Presented at the most recent Annual Meeting of the American Thyroid Association (ATA) in Washington, Larotrectinib has drawn a lot of attention by becoming the latest form of therapy for cases of non-medullary thyroid cancer.
This is not the first time the drug made news, as earlier this year it was granted Priority Review by the FDA, only months after it had received Breakthrough therapy designation from the same agency.
Larotrectinib is an “oral and selective inhibitor of tropomyosin receptor kinases (TRK), a family of signaling proteins that play an important role in cellular communication and tumor growth”. When NTRK genes (which encode TRKs) abnormally fuse with other genes, they can lead to cancers. This drug was designed to target TRK, disrupting the signaling path that promotes the disease.
A small study conducted on patients with cancers that featured TRK fusions displayed an objective response rate of 75%. The trial involved 7 participants, all treated with 100mg doses of Larotrectinib twice a day, during a 28-day program. These were all subjects that had underwent surgery for thyroid removal. At the end of the project, there was one complete response and four cases of partial response. The duration of the response was between 1.9 and 18.8 months.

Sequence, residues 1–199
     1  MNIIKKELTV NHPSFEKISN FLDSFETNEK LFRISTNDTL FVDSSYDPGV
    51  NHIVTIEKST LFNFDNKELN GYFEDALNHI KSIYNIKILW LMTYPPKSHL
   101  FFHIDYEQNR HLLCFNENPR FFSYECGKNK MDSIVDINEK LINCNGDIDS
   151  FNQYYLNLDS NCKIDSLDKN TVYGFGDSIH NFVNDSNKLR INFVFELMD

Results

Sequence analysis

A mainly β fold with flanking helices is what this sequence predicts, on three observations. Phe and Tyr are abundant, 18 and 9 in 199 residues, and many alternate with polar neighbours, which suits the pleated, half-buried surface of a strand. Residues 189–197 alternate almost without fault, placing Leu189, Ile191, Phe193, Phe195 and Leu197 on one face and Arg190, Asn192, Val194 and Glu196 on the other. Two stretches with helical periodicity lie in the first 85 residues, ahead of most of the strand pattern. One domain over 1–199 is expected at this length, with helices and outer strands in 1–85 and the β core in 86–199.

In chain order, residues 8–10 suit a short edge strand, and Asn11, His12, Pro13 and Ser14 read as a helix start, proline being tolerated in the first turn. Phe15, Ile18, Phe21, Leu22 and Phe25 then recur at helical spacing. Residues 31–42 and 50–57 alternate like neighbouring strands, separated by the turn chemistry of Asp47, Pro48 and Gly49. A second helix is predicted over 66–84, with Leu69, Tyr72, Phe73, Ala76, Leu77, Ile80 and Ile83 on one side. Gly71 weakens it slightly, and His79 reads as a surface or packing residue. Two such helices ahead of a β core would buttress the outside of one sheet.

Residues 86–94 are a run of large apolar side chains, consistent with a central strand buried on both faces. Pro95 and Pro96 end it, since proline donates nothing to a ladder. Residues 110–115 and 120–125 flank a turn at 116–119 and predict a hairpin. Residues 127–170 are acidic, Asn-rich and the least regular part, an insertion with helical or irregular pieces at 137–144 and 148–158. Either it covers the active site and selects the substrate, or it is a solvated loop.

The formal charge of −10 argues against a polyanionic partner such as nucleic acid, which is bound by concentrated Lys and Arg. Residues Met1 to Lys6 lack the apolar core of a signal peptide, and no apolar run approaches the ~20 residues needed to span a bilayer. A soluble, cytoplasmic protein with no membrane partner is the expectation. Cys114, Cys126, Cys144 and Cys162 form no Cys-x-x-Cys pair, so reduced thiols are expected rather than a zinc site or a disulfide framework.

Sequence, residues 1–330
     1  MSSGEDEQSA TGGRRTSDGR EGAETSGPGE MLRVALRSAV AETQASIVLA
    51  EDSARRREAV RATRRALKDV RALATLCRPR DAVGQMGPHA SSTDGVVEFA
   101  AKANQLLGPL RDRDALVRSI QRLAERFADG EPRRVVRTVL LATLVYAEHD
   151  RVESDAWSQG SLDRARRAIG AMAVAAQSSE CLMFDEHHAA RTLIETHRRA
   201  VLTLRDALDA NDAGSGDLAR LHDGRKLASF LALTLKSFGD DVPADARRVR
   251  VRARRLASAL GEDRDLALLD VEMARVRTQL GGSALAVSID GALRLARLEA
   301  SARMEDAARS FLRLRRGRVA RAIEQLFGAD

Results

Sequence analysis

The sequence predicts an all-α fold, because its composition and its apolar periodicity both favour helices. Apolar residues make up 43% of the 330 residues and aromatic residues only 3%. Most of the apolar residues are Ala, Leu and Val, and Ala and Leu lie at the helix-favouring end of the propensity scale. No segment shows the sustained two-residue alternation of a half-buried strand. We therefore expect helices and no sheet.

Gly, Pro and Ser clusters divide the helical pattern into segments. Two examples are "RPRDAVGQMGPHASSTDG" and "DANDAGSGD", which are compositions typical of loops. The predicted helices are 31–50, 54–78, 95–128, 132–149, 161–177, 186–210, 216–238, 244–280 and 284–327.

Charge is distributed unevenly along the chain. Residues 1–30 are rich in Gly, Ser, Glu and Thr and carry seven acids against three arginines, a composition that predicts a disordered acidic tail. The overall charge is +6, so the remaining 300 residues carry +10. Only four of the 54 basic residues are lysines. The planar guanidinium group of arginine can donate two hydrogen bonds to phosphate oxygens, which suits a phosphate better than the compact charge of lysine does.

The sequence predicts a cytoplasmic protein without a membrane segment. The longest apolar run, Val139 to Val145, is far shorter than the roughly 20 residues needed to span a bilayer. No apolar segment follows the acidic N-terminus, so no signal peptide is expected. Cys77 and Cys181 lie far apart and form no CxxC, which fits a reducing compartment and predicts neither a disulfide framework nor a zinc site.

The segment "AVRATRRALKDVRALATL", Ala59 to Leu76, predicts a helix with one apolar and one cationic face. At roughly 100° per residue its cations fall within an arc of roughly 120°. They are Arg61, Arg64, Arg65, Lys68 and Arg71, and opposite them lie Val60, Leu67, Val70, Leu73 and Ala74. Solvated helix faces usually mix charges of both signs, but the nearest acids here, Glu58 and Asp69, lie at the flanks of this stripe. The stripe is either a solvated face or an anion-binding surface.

Overall, the drug is very well tolerated, more than 90% of all adverse events being only slight, the most common being dizziness, nausea, vomiting.
Another more extensive study revealed similar results and concluded that “TRK fusions defined a unique molecular subgroup of advanced solid tumors in children and adults in whom larotrectinib was highly active. Durable responses were observed without regard to the age of the patient, tumor tissue, and fusion status. The side-effect profile of larotrectinib suggests that long-term administration is feasible for patients